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Thursday, January 15, 2009
On one of my recent course weekends we were asked to complete a personality profile test called an Enneagram. I hoped that it would identify my natural characteristics and enable me to connect my personality with my current spiritual behaviour. One of the things I continually beat myself up about is that I don't always find private prayer easy to relax into. Knowing more about my personality could help to develop my spirituality, once I knew what kinds of prayer suited my type. Learning about myself and the personality types of others would also enable me to be watchful of my reactions towards others spiritually, pastorally and socially.
The sessions explained that we have one, over-riding energy which determines our behaviour. This can be our greatest attribute and our biggest failing. It affects our outlook, prayer life, preferences and relationships. As a Type Two(helper), I learned that the need to be needed could be both positive and negative. When a ‘helper’ is at a healthy level then words such as ‘compassionate’, ‘generous’ and ‘loving’ are used. These are all qualities I would like to have and would want to see in any Christian. However; ‘manipulative’, ‘domineering’ and ‘belittling’ are used as unhealthy characteristics; disastrous qualities for an ordained minister to exhibit! Sadly, I know that all of these behaviours are possibilities for me. Therefore the Enneagram has acted as a warning as well as an encouragement.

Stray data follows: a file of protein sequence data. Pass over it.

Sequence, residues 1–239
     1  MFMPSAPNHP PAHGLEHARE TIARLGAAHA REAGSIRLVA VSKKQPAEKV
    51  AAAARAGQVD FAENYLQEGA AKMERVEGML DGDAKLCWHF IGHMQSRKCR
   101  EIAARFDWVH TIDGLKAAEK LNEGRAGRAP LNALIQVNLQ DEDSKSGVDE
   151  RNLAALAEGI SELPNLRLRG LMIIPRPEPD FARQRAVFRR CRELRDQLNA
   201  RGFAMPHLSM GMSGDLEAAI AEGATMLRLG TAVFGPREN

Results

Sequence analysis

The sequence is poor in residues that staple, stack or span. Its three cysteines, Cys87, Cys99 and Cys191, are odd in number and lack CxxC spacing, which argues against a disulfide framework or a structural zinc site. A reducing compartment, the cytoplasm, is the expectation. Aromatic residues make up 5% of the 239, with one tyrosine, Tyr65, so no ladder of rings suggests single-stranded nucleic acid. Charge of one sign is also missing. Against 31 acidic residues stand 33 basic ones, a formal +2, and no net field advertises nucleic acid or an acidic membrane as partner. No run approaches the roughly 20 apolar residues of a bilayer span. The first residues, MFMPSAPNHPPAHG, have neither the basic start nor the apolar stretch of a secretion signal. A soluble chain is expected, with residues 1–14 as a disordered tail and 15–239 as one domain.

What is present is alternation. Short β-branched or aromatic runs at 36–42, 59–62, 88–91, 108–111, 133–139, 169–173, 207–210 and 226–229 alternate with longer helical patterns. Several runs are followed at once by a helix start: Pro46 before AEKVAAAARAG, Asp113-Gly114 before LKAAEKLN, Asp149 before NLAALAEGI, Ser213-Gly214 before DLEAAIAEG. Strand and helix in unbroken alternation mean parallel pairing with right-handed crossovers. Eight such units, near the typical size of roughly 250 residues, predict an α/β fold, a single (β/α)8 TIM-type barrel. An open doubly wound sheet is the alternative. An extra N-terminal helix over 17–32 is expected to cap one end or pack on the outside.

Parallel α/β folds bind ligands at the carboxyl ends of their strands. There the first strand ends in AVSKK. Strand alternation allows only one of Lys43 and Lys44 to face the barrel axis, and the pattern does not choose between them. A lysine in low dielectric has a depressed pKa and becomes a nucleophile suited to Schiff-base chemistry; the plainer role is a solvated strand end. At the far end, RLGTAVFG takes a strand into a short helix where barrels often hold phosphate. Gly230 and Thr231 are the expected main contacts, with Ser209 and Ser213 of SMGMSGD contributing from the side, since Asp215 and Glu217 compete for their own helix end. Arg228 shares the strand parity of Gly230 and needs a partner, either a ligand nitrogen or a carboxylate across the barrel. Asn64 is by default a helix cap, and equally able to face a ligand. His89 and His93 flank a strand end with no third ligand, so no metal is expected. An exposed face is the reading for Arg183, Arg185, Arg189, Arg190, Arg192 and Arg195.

The session relating personality types to prayer gave me a deeper insight into my own struggles and came as a bit of a relief. Because 'Helpers' are naturally busy people who enjoy being with others. I am also an extrovert which increases this need. They gain energy from interaction and so sitting quietly just resting in God can seem very unnatural. It can be done however, if we understand how our personality can be encouraged to be more reflective. Using visual aids to focus upon and let go of the worls around can be the key for my personality type. Over the past year I have tried using candles and other visuals to concentrate my mind and have begun to find just existing in God’s presence beneficial and uplifting.
The sessions helped me to be aware that I need times of silence as repose from the busyness of life and to connect the two, listening for God’s voice in response to my worries, fears and problems.